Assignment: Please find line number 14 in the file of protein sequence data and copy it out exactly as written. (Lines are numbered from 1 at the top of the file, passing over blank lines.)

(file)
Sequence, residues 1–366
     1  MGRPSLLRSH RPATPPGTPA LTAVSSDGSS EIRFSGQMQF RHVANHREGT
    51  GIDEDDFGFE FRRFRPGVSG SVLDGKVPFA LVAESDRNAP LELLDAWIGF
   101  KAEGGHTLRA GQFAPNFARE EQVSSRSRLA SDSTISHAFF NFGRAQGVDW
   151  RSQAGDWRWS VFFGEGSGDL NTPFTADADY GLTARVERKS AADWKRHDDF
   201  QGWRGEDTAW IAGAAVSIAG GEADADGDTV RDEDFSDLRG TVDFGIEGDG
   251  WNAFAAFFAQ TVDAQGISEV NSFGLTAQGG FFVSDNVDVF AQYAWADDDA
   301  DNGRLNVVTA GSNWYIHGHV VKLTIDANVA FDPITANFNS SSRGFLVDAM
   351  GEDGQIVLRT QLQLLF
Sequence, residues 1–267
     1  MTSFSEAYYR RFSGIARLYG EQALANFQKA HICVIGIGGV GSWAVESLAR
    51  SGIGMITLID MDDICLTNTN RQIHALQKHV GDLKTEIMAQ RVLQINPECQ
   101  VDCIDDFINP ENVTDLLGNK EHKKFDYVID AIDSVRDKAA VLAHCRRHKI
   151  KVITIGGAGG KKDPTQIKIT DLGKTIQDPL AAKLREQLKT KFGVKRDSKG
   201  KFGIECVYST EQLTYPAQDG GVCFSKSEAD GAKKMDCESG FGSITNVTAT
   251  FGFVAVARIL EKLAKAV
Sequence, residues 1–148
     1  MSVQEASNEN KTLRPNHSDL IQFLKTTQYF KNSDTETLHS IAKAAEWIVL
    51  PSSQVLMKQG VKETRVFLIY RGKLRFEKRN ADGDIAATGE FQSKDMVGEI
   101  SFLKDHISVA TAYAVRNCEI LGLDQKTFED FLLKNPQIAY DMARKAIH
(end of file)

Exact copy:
   151  KVITIGGAGG KKDPTQIKIT DLGKTIQDPL AAKLREQLKT KFGVKRDSKG